Fifty years after the first Ultra Van was created, it seems like there are almost as many different variations in windshield installations as there are Ultra Vans. But it turns out that there was remarkably little variation in the original installations - especially considering the almost bewildering number of different Ultra Van configurations.
All Ultra Van, Ultra Coach, "Go-Home", and Travalon coaches - excepting only the #700 prototype - use the large two-piece laminated safety glass windshield that Union City Body Co. developed for their 1951 round-front delivery van, known best as the 1958-1967 Chevrolet Dubl-Duti Step-Van.
Due to the extra width of the Ultra Van, a third section of flat glass was required to make the curved windshield pieces work. The stock step van pieces have generously rounded corners and a slight "bow" to the inboard ends of the glass; so in order to make a smoother transition to the flat center section, roughly seven inches were originally cut off of each step van piece and the flat section extended to fill.
Windshields are secured to the Ultra Van body using rubber edge channels, and up through 1970 the seams between the glass sections were filled with rubber gaskets. These were covered by aluminum strips bolted thru the gaskets. A slightly different technique was used for the five 600 series coaches built from 1971-1973. They used the same rubber edge channels, but the seams were simply filled with transparent sealant. This gives the coach a much cleaner look, but it requires more care and skill to achieve a weathertight seal. Either technique can be applied to any Ultra Van however.
In the years since production ceased, step van windshields have become harder to find, more expensive, and more difficult to cut. As a result, many Ultravanners have found ways to use the original stock windshields without cutting them. For those who have access to a skilled glass worker, a remarkably clean installation can be achieved this way.
Or, for a more vintage look, a little bit of extra sheet metal work can make the fitting of the center flat section much easier.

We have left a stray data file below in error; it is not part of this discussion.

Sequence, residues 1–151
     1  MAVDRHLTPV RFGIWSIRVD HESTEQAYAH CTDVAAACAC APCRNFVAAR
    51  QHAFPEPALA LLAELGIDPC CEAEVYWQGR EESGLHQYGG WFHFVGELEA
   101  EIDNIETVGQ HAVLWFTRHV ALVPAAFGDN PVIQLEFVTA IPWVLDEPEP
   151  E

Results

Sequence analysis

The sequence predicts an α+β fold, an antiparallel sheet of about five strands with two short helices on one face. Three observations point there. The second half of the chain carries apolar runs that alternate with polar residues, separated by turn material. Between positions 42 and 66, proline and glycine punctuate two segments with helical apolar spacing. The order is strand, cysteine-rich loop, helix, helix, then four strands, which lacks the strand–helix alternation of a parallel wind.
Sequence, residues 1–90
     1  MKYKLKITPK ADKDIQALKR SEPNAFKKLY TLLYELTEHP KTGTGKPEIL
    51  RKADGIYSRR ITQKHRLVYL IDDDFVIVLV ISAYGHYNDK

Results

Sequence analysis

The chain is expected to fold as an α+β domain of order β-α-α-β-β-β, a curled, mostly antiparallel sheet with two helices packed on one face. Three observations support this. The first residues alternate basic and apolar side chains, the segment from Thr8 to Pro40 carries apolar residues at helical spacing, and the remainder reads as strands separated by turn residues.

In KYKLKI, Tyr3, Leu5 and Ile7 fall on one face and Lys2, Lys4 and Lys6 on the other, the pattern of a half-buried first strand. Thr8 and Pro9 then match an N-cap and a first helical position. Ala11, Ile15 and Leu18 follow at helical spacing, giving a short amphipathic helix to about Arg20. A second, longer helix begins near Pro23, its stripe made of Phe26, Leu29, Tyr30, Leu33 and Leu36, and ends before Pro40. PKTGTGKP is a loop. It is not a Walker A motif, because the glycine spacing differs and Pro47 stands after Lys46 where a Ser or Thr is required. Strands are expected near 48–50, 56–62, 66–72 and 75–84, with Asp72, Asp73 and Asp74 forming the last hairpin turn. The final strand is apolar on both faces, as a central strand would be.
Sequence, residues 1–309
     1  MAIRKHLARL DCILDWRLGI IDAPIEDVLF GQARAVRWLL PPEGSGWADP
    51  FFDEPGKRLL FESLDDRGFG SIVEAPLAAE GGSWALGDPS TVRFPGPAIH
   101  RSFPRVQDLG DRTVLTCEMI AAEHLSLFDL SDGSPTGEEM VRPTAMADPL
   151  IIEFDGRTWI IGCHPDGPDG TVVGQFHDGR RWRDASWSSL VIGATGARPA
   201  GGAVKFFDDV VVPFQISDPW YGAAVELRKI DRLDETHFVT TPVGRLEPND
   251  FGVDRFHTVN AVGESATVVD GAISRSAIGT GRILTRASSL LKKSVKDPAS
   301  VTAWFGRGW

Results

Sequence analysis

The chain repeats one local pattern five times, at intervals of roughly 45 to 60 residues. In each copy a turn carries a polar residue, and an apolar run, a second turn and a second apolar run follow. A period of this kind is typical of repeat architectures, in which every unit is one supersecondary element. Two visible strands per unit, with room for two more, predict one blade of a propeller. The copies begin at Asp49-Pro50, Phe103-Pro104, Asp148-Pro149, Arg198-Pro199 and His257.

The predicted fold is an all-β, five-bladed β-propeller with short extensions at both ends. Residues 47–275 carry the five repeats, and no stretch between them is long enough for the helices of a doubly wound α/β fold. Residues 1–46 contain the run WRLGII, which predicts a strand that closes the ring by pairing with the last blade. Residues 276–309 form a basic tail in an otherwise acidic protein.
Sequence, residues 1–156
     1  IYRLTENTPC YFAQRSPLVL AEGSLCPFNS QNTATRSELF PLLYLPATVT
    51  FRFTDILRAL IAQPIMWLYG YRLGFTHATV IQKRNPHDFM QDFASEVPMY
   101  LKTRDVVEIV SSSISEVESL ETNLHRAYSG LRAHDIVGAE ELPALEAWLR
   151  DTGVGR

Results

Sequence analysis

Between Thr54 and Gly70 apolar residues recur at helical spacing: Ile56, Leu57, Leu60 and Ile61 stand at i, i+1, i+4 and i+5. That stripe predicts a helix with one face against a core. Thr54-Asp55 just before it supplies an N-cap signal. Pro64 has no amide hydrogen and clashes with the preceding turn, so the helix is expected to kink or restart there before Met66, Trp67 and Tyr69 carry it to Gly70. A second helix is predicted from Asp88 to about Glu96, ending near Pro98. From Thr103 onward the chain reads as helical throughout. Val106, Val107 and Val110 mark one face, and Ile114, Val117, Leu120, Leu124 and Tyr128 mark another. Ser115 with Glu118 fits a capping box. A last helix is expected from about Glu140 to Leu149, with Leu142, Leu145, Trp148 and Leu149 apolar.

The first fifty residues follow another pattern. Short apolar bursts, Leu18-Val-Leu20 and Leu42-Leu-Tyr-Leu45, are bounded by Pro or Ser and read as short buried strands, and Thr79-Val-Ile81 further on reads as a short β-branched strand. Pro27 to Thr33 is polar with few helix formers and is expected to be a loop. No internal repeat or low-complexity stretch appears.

In order to save an expensive new windshield section that had developed a disfiguring crack across nearly half its length, one restorer cut off almost all of the flat section of the stock pieces and filled the center with a vast 46" wide section of flat glass. This installation appears to put the seam rather close to the driver's view forward, but with careful fitting and filling the distortion is minimized.
Inspired by this last installation, and fed up with the scarcity and expense of step van glass, another audacious experimenter decided to get rid of the curved glass entirely and install a panoramic 76.5" wide plate glass center section.
The result looks a bit unorthodox, and the installation took a great deal of hand fitting to provide the support for the glass. But in the event that a repair is needed, the replacement glass will cost approximately 1/10 what a step van windshield would cost and is readily available at any auto glass shop around the country. And the view is unparalleled!
#101: David Peterson
(coach owned by Lane Motor Museum)
#211: Frederick Weiss
(coach owned by Fred Marsh)
#601: David Peterson (from promotional flyer)
(coach owned by Joe G.)
Step van (left): John Meyer @ Clean Cut Creations
Step van (right): Granville Historical Society
#379: Don Richards
#380: VintAGE Vans
(coach owned by Spence and Margaret Duffey)
#215: Doug Bell
(coach owned by Doug and Margaret Bell)
#404: Murray Lycan
(coach owned by Bob and Kathy Gilbert)
#486: Ed Jeffries
(coach owned by Dave and Judy Fox)
#473: Bob Brown
(coach owned by Ray and Mary Lou Fuenzalida)
#317: Graham Dell
(last known owner: Bob and Margaret Ross, 1973)
#366: Walt Davison
(coach owned by Ron Scott)